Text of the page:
吳國瑞老師的照片

Kou-Juey Wu

 

M.D., Ph.D.  Tumor Biology

National Taiwan University (M.D.), Baylor College of Medicine (Ph.D.)

Columbia University College of Physicians & Surgeons (Post-Doct.)

 

Molecular mechanism of c-Myc and NBS1 overexpression mediated downstream signal transduction and their roles in lung cancer and head and neck cancer

 

Research

            c-MYC proto-oncogene is involved in the control of cell cycle progression, proliferation, metabolism, and apoptosis. c-MYC protein is a transcription factor which functions via heterodimerization with MAX, a related protein which, like c-MYC, contains basic (b), helix-loop-helix (HLH) and leucine zipper (LZ) domains, but lacks the transactivation domain present in the amino-terminus of c-MYC.  MYC-MAX complexes stimulate transcription of target genes containing the MYC-MAX binding site (E-box).  The expression of c-MYC protein is tightly controlled during cell proliferation and differentiation. c-MYC is one of the most frequently altered genes in human cancer. Transgenic mice with c-MYC overexpression caused tumor formation.  All these results demonstrated the central role of c-MYC in cell growth, proliferation, and transformation. Elucidation of the molecular mechanisms will require identification of important downstream pathways regulated by c-MYC.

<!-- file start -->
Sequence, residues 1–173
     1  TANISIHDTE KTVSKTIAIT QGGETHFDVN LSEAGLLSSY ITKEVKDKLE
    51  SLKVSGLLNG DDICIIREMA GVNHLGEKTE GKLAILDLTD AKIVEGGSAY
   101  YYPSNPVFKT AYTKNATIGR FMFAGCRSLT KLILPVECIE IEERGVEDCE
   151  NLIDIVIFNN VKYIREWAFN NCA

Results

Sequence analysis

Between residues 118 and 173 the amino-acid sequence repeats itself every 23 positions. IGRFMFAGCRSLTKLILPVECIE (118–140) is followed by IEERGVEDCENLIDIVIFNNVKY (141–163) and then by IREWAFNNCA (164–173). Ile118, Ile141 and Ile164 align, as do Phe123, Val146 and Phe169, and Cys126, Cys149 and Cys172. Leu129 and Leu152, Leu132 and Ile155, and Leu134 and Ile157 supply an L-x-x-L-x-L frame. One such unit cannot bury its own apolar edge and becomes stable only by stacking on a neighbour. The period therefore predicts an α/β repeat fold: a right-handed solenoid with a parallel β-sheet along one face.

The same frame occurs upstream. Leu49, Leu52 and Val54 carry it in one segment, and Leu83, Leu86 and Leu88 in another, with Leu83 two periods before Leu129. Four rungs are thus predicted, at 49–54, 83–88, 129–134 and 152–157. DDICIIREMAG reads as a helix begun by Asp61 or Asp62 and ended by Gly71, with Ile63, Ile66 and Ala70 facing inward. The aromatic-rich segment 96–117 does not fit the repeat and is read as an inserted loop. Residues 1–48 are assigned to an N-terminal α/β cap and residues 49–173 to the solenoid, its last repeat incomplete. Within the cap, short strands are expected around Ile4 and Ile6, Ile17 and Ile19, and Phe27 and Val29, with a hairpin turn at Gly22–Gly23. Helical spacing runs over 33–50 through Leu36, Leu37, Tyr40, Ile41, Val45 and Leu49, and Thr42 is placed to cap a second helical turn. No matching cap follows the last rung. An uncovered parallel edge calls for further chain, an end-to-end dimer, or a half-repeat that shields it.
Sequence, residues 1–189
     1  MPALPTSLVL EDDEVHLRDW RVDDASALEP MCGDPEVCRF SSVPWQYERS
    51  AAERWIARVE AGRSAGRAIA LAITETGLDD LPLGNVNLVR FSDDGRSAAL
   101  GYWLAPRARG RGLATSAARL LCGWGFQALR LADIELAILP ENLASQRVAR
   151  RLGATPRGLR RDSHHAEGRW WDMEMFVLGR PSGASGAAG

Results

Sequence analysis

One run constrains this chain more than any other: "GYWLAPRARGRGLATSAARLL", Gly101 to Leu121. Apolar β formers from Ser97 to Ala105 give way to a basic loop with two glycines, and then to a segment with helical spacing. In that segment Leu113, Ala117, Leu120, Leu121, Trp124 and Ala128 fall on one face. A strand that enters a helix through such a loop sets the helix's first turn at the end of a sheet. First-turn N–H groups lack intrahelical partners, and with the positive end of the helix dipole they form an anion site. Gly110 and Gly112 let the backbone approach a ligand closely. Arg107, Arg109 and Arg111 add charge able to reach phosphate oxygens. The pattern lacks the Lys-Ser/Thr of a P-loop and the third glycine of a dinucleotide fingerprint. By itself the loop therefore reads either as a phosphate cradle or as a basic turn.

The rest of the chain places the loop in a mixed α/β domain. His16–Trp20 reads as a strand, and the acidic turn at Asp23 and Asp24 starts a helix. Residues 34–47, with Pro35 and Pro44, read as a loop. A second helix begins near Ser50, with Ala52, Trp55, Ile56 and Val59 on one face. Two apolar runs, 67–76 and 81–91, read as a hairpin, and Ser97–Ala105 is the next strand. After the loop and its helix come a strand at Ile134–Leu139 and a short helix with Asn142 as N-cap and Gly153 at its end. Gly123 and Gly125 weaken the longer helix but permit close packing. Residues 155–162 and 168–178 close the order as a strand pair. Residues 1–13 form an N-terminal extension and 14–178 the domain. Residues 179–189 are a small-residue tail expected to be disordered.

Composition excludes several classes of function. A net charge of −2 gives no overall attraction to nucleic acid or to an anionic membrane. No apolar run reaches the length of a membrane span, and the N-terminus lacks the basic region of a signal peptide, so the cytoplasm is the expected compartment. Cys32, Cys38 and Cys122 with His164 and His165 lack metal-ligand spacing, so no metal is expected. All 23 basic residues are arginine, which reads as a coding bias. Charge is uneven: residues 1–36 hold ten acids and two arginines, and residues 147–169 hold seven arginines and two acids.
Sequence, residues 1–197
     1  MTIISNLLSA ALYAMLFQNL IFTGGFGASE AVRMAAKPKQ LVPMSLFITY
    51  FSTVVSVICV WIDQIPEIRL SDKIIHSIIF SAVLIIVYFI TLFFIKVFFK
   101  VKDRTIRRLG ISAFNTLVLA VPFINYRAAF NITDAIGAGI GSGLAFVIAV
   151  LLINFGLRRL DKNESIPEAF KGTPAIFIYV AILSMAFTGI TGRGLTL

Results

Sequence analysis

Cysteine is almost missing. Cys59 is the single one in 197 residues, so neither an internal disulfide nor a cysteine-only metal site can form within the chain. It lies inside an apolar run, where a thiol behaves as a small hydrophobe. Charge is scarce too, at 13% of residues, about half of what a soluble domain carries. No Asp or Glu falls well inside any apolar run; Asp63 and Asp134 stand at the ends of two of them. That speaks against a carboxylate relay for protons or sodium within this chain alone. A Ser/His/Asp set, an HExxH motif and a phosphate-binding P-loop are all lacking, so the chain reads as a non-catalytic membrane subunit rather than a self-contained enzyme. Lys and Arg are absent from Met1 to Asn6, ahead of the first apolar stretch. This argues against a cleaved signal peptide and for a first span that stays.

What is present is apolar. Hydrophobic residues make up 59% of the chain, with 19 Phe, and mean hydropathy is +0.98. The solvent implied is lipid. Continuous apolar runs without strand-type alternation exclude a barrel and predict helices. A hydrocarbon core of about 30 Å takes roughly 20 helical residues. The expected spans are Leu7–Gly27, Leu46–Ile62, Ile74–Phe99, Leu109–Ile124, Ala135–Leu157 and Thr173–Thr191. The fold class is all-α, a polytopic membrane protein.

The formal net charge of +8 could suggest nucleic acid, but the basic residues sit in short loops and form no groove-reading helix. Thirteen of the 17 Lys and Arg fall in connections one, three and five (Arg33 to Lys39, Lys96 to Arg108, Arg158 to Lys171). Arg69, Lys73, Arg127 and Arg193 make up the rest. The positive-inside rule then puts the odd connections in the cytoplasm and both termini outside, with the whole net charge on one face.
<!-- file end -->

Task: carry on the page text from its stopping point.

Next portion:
We have characterized several c-MYC downstream target genes including iron metabolism (H-ferritin and IRP2), telomerase reverse transcriptase gene-TERT, and cAMP pathway (protein kinase A catalytic subunit beta) during the past eight years. Recent results included the identification and characterizations of two c-MYC downstream target genes, NBS1 and HSP90A. HSP90A is directly activated by c-MYC, linking the modulation of multiple signal transduction pathways by HSP90A to c-MYC activity.

NBS1 is a protein involved in DNA double-strand break (DSB) repair. We demonstrated that NBS1 is a direct c-MYC target gene. This result links the function of c-MYC to the regulation of DNA DSB repair pathway operating during DNA replication. In addition, we demonstrated that NBS1 overexpression induces transformation through the activation of PI 3-kinase/Akt. Increased NBS1 expression is a significant prognostic marker in head and neck cancer. Our recent results showed that NBS1 overexpression induces epithelial-mesenchymal transition (EMT) through the upregulation of Snail and co-expression of NBS1 and Snail predicts metastasis of HNSCC patients.

Future directions include several aspects: 1) further characterization of novel c-MYC target genes, 2) characterization of the molecular mechanisms of NBS1 overexpression induced transformation and metastasis; 3) search for downstream target genes of Snail and their functional characterizations; 4) search for pathways regulated by NBS1 overexpression using cDNA microarry and proteomics approaches. These approaches will delineate the molecular mechanism of c-MYC and NBS1 overexpression mediated downstream signal transduction pathways and their roles in the tumorigenesis of lung cancer and head and neck cancer.  

 

Publications